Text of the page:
Fetal nuchal translucency scan and early prenatal diagnosis of chromosomal abnormalities by rapid aneuploidy screening: observational studyBMJ 2006; 332 doi: http://dx.doi.org/10.1136/bmj.38730.655197.AE (Published 23 February 2006) Cite this as: BMJ 2006;332:452
- Lyn S Chitty, senior lecturer and consultant1,
- Karl O Kagan, research fellow2,
- Francisca S Molina, research fellow2,
- Jonathan J Waters, consultant cytogeneticist3,
- Kypros H Nicolaides, professor ()2
- 1 Clinical and Molecular Genetics, Institute of Child Health and UCLH, London WC1N 1EH
- 2 Harris Birthright Research Centre for Fetal Medicine, King's College Hospital Medical School, London SE5 9RS
- 3 Cytogenetics Laboratory, North East Thames Genetics Service, Great Ormond Street Hospital, London WC1N 3BG
- Correspondence to: K H Nicolaides
- Accepted 18 November 2005
Objective To investigate an approach for the analysis of samples obtained in screening for trisomy 21 that retains the advantages of quantitative fluorescent polymerase chain reaction (qf-PCR) over full karyotyping and maximises the detection of clinically significant abnormalities.
Design Observational study.
Setting Tertiary referral centre.
Subjects 17 446 pregnancies, from which chorionic villous samples had been taken after assessment of risk for trisomy 21 by measurement of fetal nuchal translucency (NT) thickness at 11 to 13+6 weeks of gestation.
Interventions Analysis of chorionic villous samples by full karyotyping and by qf-PCR for chromosomes 13, 18, 21 X and Y.
Main outcome measure Detection of clinically significant chromosomal abnormalities.
Results The fetal karyotype was normal in 15 548 (89.1%) cases and abnormal in 1898 (10.9%) cases, including 1722 with a likely clinically significant adverse outcome. Karyotyping all cases would lead to the diagnosis of all clinically significant abnormalities, and a policy of relying entirely on qf-PCR would lead to the diagnosis of 97.9% of abnormalities. An alternative strategy whereby qf-PCR is the main method of analysis and full karyotyping is reserved for those cases with a minimum fetal NT thickness of 4 mm would require full karyotyping in 10.1% of the cases, would identify 99.0% of the significant abnormalities, and would cost 60% less than full karyotyping for all.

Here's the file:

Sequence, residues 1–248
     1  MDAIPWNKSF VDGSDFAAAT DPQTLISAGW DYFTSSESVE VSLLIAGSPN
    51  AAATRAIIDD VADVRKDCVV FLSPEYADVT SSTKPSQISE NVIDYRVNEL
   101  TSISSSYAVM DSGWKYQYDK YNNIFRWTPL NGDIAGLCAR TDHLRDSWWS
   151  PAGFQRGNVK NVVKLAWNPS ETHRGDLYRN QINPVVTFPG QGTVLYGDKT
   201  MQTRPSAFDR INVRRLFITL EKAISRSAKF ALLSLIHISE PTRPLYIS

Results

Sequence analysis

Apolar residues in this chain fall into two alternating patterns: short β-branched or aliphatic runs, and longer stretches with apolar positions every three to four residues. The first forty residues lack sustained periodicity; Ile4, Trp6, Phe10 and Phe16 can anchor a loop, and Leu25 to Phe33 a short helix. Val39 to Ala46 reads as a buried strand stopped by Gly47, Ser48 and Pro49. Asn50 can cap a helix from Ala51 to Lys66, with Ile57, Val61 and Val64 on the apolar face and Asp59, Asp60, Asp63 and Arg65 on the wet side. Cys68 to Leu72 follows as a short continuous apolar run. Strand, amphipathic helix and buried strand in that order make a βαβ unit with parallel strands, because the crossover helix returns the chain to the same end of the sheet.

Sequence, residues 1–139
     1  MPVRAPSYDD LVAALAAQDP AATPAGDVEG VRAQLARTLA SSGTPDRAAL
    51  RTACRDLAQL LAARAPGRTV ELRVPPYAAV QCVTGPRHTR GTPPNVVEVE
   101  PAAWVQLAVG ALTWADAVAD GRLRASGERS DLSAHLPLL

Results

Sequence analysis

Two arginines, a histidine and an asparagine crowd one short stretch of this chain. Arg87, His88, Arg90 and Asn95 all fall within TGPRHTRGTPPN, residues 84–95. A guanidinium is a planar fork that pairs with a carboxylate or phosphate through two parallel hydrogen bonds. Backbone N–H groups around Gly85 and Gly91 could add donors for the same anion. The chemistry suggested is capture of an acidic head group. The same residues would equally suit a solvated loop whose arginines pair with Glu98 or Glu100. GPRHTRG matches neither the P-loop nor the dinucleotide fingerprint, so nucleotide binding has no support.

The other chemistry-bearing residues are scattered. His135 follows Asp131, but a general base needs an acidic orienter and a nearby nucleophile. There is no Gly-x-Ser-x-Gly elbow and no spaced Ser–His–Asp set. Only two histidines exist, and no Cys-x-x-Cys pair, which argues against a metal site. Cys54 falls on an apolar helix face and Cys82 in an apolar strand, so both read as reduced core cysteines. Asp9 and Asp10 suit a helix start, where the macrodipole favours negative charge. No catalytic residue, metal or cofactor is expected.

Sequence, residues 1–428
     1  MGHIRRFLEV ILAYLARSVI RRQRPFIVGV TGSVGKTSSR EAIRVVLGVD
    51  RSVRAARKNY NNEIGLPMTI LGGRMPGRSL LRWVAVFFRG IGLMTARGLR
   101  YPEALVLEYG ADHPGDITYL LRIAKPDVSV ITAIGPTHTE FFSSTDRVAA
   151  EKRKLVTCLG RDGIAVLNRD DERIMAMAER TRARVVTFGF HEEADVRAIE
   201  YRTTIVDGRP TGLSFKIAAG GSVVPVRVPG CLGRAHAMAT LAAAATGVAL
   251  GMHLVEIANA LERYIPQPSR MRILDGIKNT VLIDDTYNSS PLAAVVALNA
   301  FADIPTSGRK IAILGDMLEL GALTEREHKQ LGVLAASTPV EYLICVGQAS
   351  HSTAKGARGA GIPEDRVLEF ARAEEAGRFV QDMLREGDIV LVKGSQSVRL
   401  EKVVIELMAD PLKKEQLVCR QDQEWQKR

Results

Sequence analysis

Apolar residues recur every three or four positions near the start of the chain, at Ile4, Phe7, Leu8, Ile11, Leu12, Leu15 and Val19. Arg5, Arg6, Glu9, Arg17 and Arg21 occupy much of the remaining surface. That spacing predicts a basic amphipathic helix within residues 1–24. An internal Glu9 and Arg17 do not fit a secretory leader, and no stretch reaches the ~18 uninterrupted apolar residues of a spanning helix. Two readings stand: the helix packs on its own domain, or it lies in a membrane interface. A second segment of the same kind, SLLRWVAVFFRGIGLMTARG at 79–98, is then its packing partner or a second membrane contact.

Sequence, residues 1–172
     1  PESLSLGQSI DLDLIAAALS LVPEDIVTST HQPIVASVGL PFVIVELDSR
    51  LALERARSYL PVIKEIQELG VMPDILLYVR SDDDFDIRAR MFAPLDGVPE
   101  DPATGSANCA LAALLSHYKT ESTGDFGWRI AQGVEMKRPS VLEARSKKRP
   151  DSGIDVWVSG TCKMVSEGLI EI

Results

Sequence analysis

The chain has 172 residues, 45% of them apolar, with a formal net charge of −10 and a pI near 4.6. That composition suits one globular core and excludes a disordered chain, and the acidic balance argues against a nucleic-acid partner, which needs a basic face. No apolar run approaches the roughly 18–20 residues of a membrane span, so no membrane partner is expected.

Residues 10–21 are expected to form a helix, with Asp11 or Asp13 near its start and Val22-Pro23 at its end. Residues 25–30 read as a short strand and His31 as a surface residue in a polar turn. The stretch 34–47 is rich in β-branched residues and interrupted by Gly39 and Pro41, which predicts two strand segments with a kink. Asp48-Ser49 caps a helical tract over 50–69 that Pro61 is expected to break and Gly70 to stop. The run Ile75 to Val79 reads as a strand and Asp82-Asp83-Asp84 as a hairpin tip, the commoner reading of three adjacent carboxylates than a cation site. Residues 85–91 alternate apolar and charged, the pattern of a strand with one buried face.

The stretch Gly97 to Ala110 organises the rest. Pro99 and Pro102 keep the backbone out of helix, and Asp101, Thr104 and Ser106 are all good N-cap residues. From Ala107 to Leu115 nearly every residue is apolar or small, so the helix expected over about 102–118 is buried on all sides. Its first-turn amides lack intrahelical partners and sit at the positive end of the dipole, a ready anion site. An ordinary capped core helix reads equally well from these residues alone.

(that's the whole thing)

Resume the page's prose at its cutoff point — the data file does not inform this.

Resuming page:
Conclusions In the diagnosis of chromosomal abnormalities after first trimester screening for trisomy 21, a policy of qf-PCR for all samples and karyotyping only if the fetal NT thickness is increased would reduce the economic costs, provide rapid delivery of results, and identify 99% of the clinically significant chromosomal abnormalities.
Prenatal diagnosis of chromosome abnormalities has traditionally been done after culture of amniotic fluid or chorionic villous cells. This approach leads to the detection of aneuploidy, such as trisomy 21; sex chromosome anomalies; and chromosome rearrangements, which may be balanced (and will often be familial) or unbalanced. Culture and analysis of fetal cells is time consuming (the results are available about two weeks after invasive testing) and labour intensive (one technician can handle about 250 samples a year).
Advances in molecular technology have led to the introduction of quantitative fluorescent polymerase chain reaction (qf-PCR), which can provide diagnosis of the common autosomal aneuploidies—trisomies 21, 18 and 13; all sex chromosome aneuploidies; and triploidy within two days of sampling.1–4 Furthermore, one technician can examine up to 5000 samples a year. The disadvantage of qf-PCR is that it cannot detect all chromosomal rearrangements.5 Although many of the defects that cannot be detected are of little or no clinical significance, a shift in prenatal diagnosis from full karyotyping to qf-PCR would be associated with failure to diagnose some significant abnormalities. It therefore can be argued that, in order to comply with the recommendation of the white paper on genetic services that all prenatal results should be available within three days,6 rapid testing by qf-PCR should always be followed by full karyotyping.7